Friday, January 18, 2019

Editorial: Some Riders Want Pedigree Information

by Anna Goebel
Warmblood Stallions of North America



The prevailing attitude among horse breeders is that riders don't care about pedigrees. Competitors say "you don't ride the papers," and don't care who the sire is, or what dam line the horse is from. I just had an experience that suggests that there might be a fundamental interest after all - and that all we need to do is figure out how to kindle it - or rekindle it.

On my flight back from the USEF annual meeting last week, I had the wonderful good fortune to sit next to Lauren Garvey, an equestrian and entrepreneur who is the founder of TheTackHack.com. She had been to West Palm Beach to attend the Equestrian Businesswomen summit, held all day Wednesday at the Convention Center next door to the USEF meetings. 

Lauren is not a breeder; she's a hunter-jumper rider - and she's young. According to popular belief, she fits the demographic of riders who are unlikely to have much interest in breeding, or knowing her horse's pedigree. You might expect the "you don't ride the papers" response - but you'd be very wrong. 

Lauren and I had a three-hour conversation on a wide range of topics - and breeding was one she was quite intrigued by. She was very interested to learn what I do and what the challenges are that breeders face in the US. Her response startled me, because I didn't expect it.

"As a hunter-jumper rider, I know I would love for there to be some way to track the performance of US-bred competition horses. I used to love following race horse bloodlines when I was little and it would be fun to be able to follow the progress of American-bred horses at the shows!"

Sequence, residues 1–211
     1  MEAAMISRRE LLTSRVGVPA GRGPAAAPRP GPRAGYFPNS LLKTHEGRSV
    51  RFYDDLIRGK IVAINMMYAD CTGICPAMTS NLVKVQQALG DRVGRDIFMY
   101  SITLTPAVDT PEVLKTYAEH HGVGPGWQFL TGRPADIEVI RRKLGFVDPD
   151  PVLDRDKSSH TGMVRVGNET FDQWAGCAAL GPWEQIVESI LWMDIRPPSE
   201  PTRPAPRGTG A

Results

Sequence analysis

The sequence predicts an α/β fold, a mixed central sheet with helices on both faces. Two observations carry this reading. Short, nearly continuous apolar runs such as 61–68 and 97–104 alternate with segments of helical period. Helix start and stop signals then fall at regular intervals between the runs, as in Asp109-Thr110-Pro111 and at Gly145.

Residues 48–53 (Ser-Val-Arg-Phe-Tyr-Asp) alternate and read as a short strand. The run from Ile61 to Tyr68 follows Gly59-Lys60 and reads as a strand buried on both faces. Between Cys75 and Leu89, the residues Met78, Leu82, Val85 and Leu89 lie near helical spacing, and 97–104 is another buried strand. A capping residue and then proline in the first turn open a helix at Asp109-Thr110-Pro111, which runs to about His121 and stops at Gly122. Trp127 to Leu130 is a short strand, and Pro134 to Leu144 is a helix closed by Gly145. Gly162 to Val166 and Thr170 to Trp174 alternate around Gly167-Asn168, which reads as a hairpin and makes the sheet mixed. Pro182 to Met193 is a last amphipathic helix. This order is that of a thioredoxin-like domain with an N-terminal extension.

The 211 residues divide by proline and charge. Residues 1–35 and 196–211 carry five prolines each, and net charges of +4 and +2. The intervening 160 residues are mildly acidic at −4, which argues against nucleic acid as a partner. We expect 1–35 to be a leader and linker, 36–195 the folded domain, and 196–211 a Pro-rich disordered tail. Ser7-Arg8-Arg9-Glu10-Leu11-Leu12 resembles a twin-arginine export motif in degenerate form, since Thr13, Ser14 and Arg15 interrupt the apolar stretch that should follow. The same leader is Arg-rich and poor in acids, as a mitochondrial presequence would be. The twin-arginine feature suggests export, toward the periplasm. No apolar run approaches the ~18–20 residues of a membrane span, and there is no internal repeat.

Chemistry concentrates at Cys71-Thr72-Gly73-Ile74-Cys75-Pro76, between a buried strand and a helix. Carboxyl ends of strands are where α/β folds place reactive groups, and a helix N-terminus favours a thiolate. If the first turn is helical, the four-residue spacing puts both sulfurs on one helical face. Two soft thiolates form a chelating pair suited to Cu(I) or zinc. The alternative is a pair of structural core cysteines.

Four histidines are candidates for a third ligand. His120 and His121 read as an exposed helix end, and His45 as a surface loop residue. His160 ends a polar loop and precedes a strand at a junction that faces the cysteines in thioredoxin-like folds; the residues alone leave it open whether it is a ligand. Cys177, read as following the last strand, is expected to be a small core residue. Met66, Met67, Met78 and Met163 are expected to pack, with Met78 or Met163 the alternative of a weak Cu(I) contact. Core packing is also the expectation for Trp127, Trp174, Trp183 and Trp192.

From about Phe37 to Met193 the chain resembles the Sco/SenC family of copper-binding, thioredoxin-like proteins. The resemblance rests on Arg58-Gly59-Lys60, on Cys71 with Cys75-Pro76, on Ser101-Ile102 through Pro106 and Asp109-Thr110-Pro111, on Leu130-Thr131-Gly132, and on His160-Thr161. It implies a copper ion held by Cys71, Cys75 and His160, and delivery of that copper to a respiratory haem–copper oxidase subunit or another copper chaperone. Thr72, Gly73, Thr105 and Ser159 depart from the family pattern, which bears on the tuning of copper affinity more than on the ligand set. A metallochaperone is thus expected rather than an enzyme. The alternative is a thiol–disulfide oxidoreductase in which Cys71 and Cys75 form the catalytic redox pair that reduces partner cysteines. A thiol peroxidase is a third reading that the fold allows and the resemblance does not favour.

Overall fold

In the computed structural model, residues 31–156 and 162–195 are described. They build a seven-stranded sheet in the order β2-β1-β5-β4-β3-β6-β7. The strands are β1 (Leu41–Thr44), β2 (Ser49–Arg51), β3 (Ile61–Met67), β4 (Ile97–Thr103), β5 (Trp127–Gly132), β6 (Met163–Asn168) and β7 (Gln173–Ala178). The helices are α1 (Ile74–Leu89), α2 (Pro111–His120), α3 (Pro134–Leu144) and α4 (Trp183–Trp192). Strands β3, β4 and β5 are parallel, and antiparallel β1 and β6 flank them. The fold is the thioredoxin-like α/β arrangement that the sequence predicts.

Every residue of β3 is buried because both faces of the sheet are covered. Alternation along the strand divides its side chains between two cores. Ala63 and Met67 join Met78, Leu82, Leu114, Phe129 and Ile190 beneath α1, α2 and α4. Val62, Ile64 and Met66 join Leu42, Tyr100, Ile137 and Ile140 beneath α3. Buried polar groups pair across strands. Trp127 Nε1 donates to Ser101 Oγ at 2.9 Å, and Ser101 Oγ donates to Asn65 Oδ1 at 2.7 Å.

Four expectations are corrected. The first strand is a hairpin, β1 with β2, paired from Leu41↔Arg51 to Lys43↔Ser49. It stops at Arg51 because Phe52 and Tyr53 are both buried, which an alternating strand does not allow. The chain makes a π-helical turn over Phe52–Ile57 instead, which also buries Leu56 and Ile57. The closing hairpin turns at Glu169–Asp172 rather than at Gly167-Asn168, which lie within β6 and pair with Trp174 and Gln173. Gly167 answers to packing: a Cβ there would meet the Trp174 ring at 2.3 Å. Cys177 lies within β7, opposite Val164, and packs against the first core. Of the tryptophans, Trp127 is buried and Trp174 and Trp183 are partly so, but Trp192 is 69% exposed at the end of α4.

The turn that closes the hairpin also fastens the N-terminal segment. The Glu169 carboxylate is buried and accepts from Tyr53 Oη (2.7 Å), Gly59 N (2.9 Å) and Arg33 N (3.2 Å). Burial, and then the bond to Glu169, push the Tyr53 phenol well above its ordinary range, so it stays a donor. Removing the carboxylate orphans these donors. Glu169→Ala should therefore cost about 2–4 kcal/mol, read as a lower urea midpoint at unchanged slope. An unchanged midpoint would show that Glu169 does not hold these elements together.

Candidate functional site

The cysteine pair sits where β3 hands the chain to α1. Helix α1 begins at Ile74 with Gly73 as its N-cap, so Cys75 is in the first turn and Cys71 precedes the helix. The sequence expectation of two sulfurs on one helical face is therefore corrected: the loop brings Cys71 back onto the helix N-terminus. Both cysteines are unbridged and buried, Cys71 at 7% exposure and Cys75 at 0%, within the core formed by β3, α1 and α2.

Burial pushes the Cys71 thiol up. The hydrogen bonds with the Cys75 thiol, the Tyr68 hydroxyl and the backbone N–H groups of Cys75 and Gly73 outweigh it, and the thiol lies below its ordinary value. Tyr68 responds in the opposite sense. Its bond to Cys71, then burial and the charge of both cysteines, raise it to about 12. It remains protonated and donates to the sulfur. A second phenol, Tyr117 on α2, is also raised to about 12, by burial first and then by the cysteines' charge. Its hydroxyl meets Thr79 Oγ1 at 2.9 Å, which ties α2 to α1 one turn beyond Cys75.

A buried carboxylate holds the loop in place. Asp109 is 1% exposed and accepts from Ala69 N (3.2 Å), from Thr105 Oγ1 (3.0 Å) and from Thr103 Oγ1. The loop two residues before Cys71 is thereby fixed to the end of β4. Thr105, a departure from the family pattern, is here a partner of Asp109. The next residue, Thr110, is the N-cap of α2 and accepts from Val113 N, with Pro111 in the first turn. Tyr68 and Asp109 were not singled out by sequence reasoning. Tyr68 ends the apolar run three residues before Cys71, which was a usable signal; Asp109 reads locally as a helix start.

Perhaps Lauren is exceptional in this interest. She certainly seemed exceptionally smart, sensible, and thoughtful. But didn't we all do that? When I was a kid, I had a stable of imaginary horses - and I had sire and dam names for every one of them. Some had even longer pedigrees. I loved it; it was part of the romance and the magic. 

Maybe that's worth thinking about. We assume that riders today are not interested in knowing about pedigrees, but maybe that's not true. Perhaps Lauren is the tip of the iceberg. The horse-crazy kids who are lucky grow up into horse-crazy adults - and perhaps they would love to have all the romance and magic of names and pedigrees back in their horse world. Perhaps we should not let the vocal nay-sayers discourage us from sharing our enthusiasm for breeding and bloodlines. I'm thinking the rider audience might be more receptive than we believe.

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